Established after the Civil Water, HBCUs were created to meet the newly freed African- American population's educational needs. When no one else would, HBCUs allowed Black scholars to receive a top-tier education and provided them with the skills they needed to achieve success and financial security. Today, there are over 100 Black colleges and universities in the United States, including public and private institutions and law and medical schools.
We already know that the hallowed halls of HBCUs' birthed some of this country's most prolific innovators and changemakers. John W. Thompson, the first Black chairman of Microsoft Corporation and the CEO of Virtual Instruments, attended Florida A&M University. Morehouse College is best known for producing the great Martin Luther King Jr., but there have been other notable graduates such as legendary social activist Julian Bond, Charles David Moody Jr., president and CEO of the billion-dollar construction business C.D. Moody Construction Company, and Emmy-nominated Atlanta star Brian Tyree Henry.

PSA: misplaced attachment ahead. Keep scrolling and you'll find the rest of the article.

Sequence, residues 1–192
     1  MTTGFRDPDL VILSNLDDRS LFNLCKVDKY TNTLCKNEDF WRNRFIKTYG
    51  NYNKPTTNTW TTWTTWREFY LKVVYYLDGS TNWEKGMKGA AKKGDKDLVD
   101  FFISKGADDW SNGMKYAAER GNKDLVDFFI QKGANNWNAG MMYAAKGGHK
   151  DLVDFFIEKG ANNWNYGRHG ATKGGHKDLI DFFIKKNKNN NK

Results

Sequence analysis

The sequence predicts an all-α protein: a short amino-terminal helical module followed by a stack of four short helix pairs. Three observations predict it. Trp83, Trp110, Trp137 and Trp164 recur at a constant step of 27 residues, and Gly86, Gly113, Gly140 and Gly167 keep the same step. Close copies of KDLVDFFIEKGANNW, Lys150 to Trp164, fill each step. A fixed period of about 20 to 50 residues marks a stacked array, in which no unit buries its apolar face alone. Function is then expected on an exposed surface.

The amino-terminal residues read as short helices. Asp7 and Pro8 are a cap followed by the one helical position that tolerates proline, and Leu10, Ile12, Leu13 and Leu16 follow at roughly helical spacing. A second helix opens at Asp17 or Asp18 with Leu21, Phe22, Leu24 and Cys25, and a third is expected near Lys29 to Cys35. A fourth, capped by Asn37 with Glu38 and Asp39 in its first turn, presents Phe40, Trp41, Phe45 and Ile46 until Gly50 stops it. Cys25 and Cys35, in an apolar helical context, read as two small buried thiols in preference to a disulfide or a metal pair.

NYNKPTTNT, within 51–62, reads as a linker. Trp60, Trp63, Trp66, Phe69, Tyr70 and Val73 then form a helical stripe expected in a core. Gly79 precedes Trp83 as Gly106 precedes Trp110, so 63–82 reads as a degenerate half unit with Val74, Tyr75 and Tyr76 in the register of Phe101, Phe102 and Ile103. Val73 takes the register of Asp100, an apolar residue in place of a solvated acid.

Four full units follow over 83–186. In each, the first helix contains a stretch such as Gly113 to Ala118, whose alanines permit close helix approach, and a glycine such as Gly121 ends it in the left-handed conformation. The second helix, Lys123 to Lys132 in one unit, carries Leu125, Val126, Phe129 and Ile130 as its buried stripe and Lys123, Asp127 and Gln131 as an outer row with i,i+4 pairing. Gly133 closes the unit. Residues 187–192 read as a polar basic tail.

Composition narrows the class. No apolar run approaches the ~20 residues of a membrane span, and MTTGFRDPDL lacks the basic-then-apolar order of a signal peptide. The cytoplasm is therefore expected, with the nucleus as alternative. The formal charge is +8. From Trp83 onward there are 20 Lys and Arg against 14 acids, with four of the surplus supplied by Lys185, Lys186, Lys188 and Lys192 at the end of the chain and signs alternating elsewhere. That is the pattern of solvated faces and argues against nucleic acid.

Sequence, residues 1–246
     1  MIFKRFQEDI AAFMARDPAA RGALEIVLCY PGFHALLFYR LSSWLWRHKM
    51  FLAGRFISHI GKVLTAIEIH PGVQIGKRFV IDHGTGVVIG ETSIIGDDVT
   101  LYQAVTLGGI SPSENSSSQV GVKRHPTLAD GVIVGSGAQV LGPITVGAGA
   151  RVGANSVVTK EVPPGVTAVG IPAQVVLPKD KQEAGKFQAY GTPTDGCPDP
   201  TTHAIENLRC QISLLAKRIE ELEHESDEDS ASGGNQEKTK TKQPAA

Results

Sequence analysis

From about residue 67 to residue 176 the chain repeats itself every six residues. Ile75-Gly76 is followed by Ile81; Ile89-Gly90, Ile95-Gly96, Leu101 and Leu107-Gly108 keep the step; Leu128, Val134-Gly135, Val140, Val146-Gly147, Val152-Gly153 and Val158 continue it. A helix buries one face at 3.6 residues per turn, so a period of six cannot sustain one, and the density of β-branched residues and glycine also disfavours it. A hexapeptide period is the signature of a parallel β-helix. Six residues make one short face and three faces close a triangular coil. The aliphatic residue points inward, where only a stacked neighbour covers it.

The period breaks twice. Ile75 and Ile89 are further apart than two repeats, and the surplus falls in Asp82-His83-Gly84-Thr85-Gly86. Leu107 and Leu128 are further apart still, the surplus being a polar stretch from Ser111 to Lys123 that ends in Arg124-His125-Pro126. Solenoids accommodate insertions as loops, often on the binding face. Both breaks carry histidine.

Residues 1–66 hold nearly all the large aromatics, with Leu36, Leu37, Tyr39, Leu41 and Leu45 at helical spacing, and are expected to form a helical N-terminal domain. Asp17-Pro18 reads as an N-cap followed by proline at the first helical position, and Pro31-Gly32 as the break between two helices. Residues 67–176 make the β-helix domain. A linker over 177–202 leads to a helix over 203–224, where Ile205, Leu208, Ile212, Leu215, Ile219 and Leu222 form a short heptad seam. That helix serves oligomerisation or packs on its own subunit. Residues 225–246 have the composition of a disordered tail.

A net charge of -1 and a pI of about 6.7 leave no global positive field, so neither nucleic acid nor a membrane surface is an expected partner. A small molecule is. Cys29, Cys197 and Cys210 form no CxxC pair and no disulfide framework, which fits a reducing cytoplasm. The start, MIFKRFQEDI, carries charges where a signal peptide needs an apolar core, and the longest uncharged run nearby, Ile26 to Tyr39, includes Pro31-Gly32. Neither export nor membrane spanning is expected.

Morehouse's sister-college Spelman has graduated Stacey Abrams, former House Minority Leader and the first African-American woman to win a major party’s nomination for governor. Other Spelman alumna include Rosalind Brewer, COO of Starbucks, civil rights voice Bernice King (daughter of Dr. King), and One Yard host, Keshia Knight Pulliam, famously known as "Rudy" from The Cosby Show.
There are even more impactful HBCU graduates: Kamala Harris, senator and the first Black female vice presidential hopeful, graduated from Howard, and groundbreaking TV mogul billionaire Oprah Winfrey went to Tennessee State University.
This is the profound reach of the HBCU. These institutions diversify the STEM workforce in tech, fuel American business and produce some of the top minds and talents in politics and in the arts.
How dope is that?